The three main types of diabetes are:
- Type 1 Diabetes
- Type 2 Diabetes
- Gestational Diabetes.
Type 1 Diabetes
Type 1 diabetes (once known as insulin-dependent diabetes mellitus or juvenile diabetes) is considered an autoimmune disease. An autoimmune disease results when the body's system for fighting infection (the immune system) turns against a part of the body. In diabetes, the immune system attacks the insulin-producing beta cells in the pancreas and destroys them. The pancreas then produces little or no insulin.
Someone with type 1 diabetes needs daily injections of insulin to live. At present, scientists do not know exactly what causes the body's immune system to attack the beta cells, but they believe that both genetic factors and viruses are involved. Type 1 diabetes accounts for about 5 to 10 percent of diagnosed diabetes in the United States.
Type 1 diabetes develops most often in children and young adults, but the disorder can appear at any age. Symptoms of type 1 diabetes usually develop over a short period, although beta cell destruction can begin years earlier.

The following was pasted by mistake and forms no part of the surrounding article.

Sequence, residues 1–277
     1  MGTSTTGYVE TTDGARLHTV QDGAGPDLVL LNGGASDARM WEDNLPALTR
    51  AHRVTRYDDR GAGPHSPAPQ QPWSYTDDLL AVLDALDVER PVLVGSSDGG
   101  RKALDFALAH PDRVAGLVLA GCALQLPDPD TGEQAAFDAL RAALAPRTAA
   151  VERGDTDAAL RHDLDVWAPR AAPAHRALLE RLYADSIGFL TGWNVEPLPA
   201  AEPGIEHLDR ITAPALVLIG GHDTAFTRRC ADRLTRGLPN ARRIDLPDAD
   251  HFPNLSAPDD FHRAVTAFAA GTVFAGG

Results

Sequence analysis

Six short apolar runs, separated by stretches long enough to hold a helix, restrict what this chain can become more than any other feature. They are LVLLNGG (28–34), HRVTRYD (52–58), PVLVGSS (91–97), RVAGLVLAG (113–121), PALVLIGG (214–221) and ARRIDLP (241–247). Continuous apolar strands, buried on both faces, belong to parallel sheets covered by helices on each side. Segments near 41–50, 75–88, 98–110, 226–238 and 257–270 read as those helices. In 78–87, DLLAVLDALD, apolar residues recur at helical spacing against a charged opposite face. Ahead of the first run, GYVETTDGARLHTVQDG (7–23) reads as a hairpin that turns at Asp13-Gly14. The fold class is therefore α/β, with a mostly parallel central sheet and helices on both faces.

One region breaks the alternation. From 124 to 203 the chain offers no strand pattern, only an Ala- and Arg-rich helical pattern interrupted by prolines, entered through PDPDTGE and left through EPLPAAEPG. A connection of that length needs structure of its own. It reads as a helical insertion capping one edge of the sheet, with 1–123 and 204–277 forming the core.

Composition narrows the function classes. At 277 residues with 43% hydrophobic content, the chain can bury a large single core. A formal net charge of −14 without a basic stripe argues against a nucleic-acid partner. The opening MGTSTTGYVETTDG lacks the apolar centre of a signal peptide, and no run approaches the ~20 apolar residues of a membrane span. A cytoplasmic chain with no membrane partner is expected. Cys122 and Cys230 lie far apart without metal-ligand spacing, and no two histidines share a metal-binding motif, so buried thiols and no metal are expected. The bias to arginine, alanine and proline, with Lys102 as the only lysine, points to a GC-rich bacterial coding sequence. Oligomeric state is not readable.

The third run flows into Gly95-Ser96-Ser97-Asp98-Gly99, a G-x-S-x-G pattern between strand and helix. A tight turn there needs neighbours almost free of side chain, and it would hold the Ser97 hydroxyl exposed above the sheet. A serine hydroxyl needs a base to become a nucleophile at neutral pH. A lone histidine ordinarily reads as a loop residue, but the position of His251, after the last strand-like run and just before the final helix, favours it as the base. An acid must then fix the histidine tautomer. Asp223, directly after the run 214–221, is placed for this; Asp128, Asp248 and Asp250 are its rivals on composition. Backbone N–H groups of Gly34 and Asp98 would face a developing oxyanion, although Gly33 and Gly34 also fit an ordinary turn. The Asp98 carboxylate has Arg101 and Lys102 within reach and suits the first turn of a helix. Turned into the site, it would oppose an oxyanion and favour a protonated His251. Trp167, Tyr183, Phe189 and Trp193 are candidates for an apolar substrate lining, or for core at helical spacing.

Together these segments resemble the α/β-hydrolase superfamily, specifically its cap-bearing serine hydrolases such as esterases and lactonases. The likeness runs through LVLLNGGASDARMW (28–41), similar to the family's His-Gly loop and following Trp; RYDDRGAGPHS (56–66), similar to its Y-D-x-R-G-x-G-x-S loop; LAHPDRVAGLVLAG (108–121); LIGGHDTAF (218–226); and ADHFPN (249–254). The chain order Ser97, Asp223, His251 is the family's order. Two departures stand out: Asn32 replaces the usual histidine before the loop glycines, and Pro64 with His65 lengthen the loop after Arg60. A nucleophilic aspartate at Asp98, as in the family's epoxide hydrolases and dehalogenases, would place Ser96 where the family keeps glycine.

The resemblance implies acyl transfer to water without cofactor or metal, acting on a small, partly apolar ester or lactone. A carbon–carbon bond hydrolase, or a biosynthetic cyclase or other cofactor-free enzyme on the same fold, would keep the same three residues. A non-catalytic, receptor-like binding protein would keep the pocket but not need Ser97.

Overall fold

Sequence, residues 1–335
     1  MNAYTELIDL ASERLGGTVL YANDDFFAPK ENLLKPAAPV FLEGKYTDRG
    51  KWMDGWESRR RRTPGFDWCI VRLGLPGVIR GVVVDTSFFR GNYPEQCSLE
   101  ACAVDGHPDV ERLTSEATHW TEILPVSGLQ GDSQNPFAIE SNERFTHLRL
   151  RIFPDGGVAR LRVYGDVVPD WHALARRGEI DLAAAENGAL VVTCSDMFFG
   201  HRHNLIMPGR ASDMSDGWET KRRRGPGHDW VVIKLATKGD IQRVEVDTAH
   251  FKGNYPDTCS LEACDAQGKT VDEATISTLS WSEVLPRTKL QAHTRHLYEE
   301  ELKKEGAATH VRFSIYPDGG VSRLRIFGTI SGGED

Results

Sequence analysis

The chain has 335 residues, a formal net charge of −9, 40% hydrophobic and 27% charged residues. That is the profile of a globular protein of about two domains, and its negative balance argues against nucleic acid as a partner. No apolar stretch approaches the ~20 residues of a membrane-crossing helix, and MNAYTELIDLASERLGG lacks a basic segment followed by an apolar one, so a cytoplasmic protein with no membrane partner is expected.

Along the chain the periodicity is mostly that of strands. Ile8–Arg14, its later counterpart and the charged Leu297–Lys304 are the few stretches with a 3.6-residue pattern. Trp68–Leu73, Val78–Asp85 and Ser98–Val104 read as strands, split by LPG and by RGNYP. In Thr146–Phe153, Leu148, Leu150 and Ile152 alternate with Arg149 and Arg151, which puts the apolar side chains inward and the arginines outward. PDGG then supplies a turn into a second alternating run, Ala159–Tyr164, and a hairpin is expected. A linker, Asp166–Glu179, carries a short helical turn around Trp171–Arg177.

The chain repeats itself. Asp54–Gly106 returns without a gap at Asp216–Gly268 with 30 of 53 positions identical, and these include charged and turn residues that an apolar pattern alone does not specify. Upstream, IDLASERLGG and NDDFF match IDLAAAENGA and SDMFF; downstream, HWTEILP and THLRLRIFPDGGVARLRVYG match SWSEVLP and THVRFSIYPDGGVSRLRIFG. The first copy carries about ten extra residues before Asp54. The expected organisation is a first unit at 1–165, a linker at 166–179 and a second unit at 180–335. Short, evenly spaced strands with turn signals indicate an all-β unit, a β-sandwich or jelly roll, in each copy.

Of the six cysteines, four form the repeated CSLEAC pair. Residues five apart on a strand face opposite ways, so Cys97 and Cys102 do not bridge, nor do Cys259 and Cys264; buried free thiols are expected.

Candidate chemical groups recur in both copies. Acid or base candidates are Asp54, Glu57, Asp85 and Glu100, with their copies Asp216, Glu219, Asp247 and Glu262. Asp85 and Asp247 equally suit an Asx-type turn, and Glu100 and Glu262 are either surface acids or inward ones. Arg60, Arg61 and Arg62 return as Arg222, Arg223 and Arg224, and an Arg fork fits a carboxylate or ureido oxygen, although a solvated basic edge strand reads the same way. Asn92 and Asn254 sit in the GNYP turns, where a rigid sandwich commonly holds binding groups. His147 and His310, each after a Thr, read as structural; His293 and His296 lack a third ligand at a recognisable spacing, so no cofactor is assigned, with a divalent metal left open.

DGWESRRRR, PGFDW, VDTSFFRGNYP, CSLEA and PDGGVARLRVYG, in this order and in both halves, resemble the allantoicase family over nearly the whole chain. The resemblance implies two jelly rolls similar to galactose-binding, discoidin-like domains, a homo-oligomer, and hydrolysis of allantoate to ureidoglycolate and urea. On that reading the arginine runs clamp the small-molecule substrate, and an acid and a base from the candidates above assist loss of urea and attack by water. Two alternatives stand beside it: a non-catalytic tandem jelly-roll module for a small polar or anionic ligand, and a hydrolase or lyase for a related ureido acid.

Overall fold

Symptoms include increased thirst and urination, constant hunger, weight loss, blurred vision, and extreme tiredness. If not diagnosed and treated with insulin, a person can lapse into a life-threatening coma.
Type 2 Diabetes
The most common form of diabetes is type 2 diabetes (once known as noninsulin-dependent diabetes mellitus or NIDDM). About 90 to 95 percent of people with diabetes have type 2 diabetes. This form of diabetes usually develops in adults over the age of 40 and is most common among adults over age 55. About 80 percent of people with type 2 diabetes are overweight.
In type 2 diabetes, the pancreas usually produces insulin, but for some reason, the body cannot use the insulin effectively. The end result is the same as for type 1 diabetes--an unhealthy buildup of glucose in the blood and an inability of the body to make efficient use of its main source of fuel.
The symptoms of type 2 diabetes develop gradually and are not as noticeable as in type 1 diabetes. Symptoms include feeling tired or ill, frequent urination (especially at night), unusual thirst, weight loss, blurred vision, frequent infections, and slow healing of sores.
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Gestational diabetes develops or is discovered during pregnancy. This type usually disappears when the pregnancy is over, but women who have had gestational diabetes have a greater risk of developing type 2 diabetes later in their lives.